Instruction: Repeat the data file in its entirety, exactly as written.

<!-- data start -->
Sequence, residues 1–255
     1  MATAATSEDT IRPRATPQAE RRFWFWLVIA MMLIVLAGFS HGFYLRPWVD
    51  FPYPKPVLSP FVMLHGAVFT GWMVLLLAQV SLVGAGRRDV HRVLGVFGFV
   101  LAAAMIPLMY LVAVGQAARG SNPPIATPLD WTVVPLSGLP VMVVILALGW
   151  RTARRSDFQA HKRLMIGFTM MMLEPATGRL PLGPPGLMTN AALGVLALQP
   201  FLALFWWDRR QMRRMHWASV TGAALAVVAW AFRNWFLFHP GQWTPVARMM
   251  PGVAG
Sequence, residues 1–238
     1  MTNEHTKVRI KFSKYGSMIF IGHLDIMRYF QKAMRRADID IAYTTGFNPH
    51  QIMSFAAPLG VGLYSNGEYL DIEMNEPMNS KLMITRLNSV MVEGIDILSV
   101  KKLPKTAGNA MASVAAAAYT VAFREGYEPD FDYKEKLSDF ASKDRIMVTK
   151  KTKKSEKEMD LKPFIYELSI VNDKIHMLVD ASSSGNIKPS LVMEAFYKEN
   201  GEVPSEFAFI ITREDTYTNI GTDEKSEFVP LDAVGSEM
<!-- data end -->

Sequence, residues 1–255
     1  MATAATSEDT IRPRATPQAE RRFWFWLVIA MMLIVLAGFS HGFYLRPWVD
    51  FPYPKPVLSP FVMLHGAVFT GWMVLLLAQV SLVGAGRRDV HRVLGVFGFV
   101  LAAAMIPLMY LVAVGQAARG SNPPIATPLD WTVVPLSGLP VMVVILALGW
   151  RTARRSDFQA HKRLMIGFTM MMLEPATGRL PLGPPGLMTN AALGVLALQP
   201  FLALFWWDRR QMRRMHWASV TGAALAVVAW AFRNWFLFHP GQWTPVARMM
   251  PGVAG
Sequence, residues 1–238
     1  MTNEHTKVRI KFSKYGSMIF IGHLDIMRYF QKAMRRADID IAYTTGFNPH
    51  QIMSFAAPLG VGLYSNGEYL DIEMNEPMNS KLMITRLNSV MVEGIDILSV
   101  KKLPKTAGNA MASVAAAAYT VAFREGYEPD FDYKEKLSDF ASKDRIMVTK
   151  KTKKSEKEMD LKPFIYELSI VNDKIHMLVD ASSSGNIKPS LVMEAFYKEN
   201  GEVPSEFAFI ITREDTYTNI GTDEKSEFVP LDAVGSEM